Wilhelm Röntgen first discovered X-rays on November 8, 1895 and within a few years they were being used to examine broken bones. One of the earliest techniques of measuring the intensity of X-rays was to measure their ionisation potential in air. Initially various countries developed their own standards, but in order to promote international cooperation, the First International Congress of Radiology (ICR) which met in London in 1925 proposed a separate body to consider units of measure. This body, the International Commission on Radiation Units and Measurements (ICRU),[Note 1] came into being at the Second ICR in Stockholm in 1928 under the chairmanship Manne Siegbahn[Note 2] and at their first meeting proposed that one unit X-ray dose should be defined as the quantity of X-rays that would produce one esu of charge in one cubic centimetre of dry air at 0 °C and a standard atmosphere. This unit was named the roentgen in honour of Röntgen who had died five years previously. At the 1937 meeting of the ICRU, this definition was extended to apply to gamma radiation as well as X-rays. This technique, although appropriate for the technology of the day, had the disadvantage that it was not a direct measure of either the intensity of X-rays or of their absorption, but rather was a measurement of the effect of the X-rays in a specific circumstance.
In 1940, Gray, who had been studying the effect of neutron damage on human tissue, together with Mayneord and Read published a paper in which a unit of measure, dubbed the "gram roentgen" (symbol: gr) defined as "that amount of neutron radiation which produces an increment in energy in unit volume of tissue equal to the increment of energy produced in unit volume of water by one roentgen of radiation" was proposed. This unit was found to be equivalent to 88 ergs in air. In 1953 the ICRU recommended the rad, equal to 100 erg/g as the new unit of measure of absorbed radiation. The rad was expressed in coherent cgs units.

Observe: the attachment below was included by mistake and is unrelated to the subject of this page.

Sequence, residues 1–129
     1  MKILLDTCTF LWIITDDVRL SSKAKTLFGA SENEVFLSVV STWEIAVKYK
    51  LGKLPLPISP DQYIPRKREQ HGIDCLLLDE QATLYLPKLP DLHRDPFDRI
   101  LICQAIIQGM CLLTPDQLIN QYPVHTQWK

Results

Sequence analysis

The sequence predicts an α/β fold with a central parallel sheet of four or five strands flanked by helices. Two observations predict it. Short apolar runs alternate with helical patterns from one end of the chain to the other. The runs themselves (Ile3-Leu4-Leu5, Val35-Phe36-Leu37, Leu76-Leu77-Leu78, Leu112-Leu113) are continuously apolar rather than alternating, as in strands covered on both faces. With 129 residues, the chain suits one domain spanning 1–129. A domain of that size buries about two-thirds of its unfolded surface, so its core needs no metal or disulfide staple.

In the late 1950s the ICRU was invited by the CGPM to join other scientific bodies to work with the International Committee for Weights and Measures (CIPM) in the development of a system of units that could be used consistently over many disciplines. This body, initially known as the "Commission for the System of Units" (renamed in 1964 as the "Consultative Committee for Units") was responsible overseeing the development of the International System of Units (SI). At the same time it was becoming increasingly obvious that the definition of the roentgen was unsound and many calls were made for its redefinition. In 1962 it was redefined. The definition of the roentgen had the advantage over the gray of being simpler to measure, but the gray is independent of the primary ionising radiation
The CCU decided to define the SI unit of absorbed radiation in terms of energy per unit mass, which in MKS units was J/kg. This was confirmed in 1975 by 15th GCPM and the unit was named the "gray" in honour of Hal Gray who had died in 1965. The gray was exactly equal to 100 rad.
See also 
- Dose area product (Gy·cm2)
- International System of Units base units
- Orders of magnitude (radiation)
- Rad (unit)
- Roentgen equivalent man
- SI derived unit
- Sievert, SI derived unit of dose equivalent radiation
- Originally known as the International X-ray Unit Committee
- The host country nominated the chairman of the early ICRU meetings